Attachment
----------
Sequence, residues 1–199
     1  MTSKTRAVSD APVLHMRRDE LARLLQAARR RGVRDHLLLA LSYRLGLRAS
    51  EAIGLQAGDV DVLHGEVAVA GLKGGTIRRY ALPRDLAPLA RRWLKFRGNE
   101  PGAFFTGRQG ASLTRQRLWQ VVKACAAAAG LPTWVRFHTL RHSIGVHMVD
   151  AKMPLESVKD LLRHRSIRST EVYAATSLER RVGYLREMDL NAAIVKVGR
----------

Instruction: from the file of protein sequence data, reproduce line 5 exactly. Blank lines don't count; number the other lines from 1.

   151  AKMPLESVKD LLRHRSIRST EVYAATSLER RVGYLREMDL NAAIVKVGR